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Is there a way to create Single Document Interface (SDI) document based cocoa application? I dont want user to open multiple documents at once.

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Why are you wanting this? It's not trivial to do as only supporting a single open document is generally not recommended. – Martin Pilkington Aug 2 '11 at 14:22
The application I wrote is a music software like GarageBand. There are limitations on accessing hardware at once, so I don't want user to open multiple song file at once. – fish potato Jan 19 '12 at 9:36

You can do this, it isn't too bad.

General approach: Use the NSDocument you have to attach itself to a singleton NSWindowController, which is the xib of your app. You can even have other stuff in that window when there are no documents open. This design works great for me, as I kept all NSDocument features in play, etc...

Here goes with some more detail:

Remove any other windows

You will use a new window, so remove any that might be default in your app template created by Xcode. Perhaps in your MainMenu.xib, get rid of that all, or move it to your new xib.

Create a new xib (window) for your future NSWindowController

Just create a placeholder for testing, later we will add way more to it (as it is our main window the user will always see).

Create your own NSWindowController, make it a singleton

So, inside your NSWindowController, create a singleton wrapper that loads your xib (only once), and returns this single singleton anytime it is called. I used a helper #define, look here for more info: https://gist.github.com/1057420

+ (id) singletonInstance {
        return [[self alloc] initWithWindowNibName:@"yourxibfilename"];

Modify your NSDocument so that it attaches to only this singleton window

Add something like this to your NSDocument based document. Basically you will tell the Document to use the singleton window that you have, and the internal setDocument inside the NSWindowController should be called automatically to replace any existing NSDocument it is showing.

- (void)makeWindowControllers {
    ReceiptDocumentWindowController *wc = [ReceiptDocumentWindowController singletonInstance];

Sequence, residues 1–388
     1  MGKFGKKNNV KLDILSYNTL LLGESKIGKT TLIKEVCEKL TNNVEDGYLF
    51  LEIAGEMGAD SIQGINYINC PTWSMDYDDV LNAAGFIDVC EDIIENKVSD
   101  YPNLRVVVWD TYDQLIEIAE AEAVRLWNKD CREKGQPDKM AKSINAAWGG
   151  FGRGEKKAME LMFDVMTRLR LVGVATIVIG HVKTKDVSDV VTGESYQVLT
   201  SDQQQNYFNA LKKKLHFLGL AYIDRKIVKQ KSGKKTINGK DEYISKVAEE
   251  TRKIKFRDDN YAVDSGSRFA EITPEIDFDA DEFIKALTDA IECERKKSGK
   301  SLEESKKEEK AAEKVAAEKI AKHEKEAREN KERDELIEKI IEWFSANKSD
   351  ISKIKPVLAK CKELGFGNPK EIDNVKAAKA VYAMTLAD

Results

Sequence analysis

[self addWindowController:wc];

Consider removing the NSDocument from the NSWindowController on close, just to be sure it doesn't hang around. I don't think this is required in some cases, but you may investigate this as well. So, also inside your NSDocument document:

- (void)close {
    [self removeWindowController:[ReceiptDocumentWindowController singletonInstance]];
    [super close];

Test - You should now have a prototype solution working

There will be a few problems with it, and those all depend on your exact requirements.

First, you may consider using your own NSDocumentController to automatically close any open documents before opening a new one. You will need to research more on this.

Back to that NSViewController i mentioned, and how to update it with the "current open document". I put some glue in the NSWindowController to setDocument to attach any document that opens to my downstream IBOutlet connected xib instances (like this NSViewController). Ok, like this:

- (void)setDocument:(NSDocument *)lDocument {
    [super setDocument:lDocument];
    if (lDocument != nil && self.receiptDetailViewController != nil)
        self.receiptDetailViewController.representedObject = lDocument;

Now, the represented object in my NSDocumentViewController has views that bind using cocoa bindings to the NSViewController.representedObject. So, bingo, it renders my stuff almost like magic. I would recommend encapsulating like this, so you can then focus on presenting the document with the views in the xib, and the NSViewController that has a reference now to any document that gets opened.

If this is not clear enough, let me know. I will post more code. Good luck, let me know if this helps.

Marcus Williford

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Thank you for the neat advice. I am going to try this later! – fish potato Sep 11 '12 at 1:45

You should be able to obtain the UI you want by making a new Xcode project based on the Cocoa Application template, make sure you uncheck "Create Document-Based Application".

You will have to write the Open/Save commands yourself, and change your classes from NSDocument and friends, but it should be doable.

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